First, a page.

Writing is will and imagination
The first step towards being a writer is to hitch your unconscious mind to your writing arm.– Dorothea Brande
The 1934 classic Becoming a Writer, by Dorothea Brande, is a practical book which is remarkably in tune with current brain science. Brande believes the writer’s unconscious mind should ‘flow freely and richly, bringing at demand all the treasures of memory’, while the conscious mind does the hard word work to ‘control, combine and discriminate’.
Photo: Moria cave, Karamea
Writing is will and imagination; it depends both on unbidden impulses and on careful, considered dedication to the tools of language. Malcolm Bradbury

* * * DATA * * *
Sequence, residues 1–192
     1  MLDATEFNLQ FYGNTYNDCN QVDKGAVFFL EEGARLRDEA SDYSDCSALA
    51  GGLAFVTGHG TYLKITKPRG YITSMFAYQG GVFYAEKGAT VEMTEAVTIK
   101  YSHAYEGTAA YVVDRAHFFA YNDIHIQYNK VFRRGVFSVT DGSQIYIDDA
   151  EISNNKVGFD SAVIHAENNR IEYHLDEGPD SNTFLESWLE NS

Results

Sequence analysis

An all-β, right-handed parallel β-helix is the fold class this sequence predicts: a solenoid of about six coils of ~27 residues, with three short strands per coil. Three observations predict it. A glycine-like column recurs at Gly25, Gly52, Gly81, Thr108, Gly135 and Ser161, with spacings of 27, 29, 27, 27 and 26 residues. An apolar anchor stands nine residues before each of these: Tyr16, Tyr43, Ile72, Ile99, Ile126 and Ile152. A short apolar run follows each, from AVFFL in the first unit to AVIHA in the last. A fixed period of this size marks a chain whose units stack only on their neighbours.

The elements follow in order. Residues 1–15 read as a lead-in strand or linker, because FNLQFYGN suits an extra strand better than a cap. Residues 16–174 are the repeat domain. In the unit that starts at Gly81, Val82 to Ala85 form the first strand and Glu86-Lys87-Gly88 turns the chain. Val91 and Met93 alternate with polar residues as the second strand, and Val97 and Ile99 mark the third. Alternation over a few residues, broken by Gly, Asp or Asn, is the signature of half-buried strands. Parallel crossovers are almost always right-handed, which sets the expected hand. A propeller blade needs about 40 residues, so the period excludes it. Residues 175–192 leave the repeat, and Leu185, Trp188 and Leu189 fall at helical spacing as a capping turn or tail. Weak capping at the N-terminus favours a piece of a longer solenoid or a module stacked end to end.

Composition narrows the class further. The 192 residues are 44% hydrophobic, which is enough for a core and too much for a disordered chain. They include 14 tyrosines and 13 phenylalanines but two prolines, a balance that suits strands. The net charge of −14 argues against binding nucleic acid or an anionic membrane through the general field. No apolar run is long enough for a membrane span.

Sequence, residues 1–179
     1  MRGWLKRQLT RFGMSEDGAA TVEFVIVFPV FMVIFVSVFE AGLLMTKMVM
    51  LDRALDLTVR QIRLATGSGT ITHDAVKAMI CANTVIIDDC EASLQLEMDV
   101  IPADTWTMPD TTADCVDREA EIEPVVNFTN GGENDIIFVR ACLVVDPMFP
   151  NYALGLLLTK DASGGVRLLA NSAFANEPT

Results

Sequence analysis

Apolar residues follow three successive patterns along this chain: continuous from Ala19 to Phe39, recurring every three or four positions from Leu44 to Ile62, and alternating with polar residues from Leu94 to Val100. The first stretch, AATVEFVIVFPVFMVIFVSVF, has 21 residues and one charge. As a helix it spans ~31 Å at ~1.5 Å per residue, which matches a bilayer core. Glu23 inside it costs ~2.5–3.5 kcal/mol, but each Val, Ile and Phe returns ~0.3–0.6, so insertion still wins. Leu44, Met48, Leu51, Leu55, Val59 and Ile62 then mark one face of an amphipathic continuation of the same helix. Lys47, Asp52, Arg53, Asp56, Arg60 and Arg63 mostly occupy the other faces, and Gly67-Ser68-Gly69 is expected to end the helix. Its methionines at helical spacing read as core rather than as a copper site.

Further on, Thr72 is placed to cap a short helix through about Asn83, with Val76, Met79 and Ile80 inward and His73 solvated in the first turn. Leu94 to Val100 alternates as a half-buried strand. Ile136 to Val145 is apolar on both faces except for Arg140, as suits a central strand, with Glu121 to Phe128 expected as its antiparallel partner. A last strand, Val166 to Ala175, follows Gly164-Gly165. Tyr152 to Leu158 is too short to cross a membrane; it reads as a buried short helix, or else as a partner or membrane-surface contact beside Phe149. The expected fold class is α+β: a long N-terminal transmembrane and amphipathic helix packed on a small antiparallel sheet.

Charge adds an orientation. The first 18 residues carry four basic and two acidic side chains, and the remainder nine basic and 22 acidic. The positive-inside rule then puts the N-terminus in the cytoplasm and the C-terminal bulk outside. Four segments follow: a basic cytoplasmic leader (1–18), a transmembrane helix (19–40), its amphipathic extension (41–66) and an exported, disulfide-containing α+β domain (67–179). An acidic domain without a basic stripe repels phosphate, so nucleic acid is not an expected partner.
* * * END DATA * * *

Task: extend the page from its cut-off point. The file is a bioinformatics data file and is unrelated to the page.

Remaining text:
But the unconscious can be a reluctant creature, resisting the discipline that writing requires. Brande has some intriguing exercises to achieve the interaction between will and imagination. Here are three exercises designed to ‘tap’ the unconscious:
- Writing immediately after you wake up before any associations invade the mind (I feel the resistance already).
- Writing at a prearranged time every day.
- Meditation to improve clarity (this fits with current neuroscience ideas).
Brande also suggests our unconscious is the source of our most original stories, and most importantly, that every writer has something unique to offer:
There is just one contribution which every one of us can make: we can give into the common pool of experience some comprehension of the world as it looks to each of us.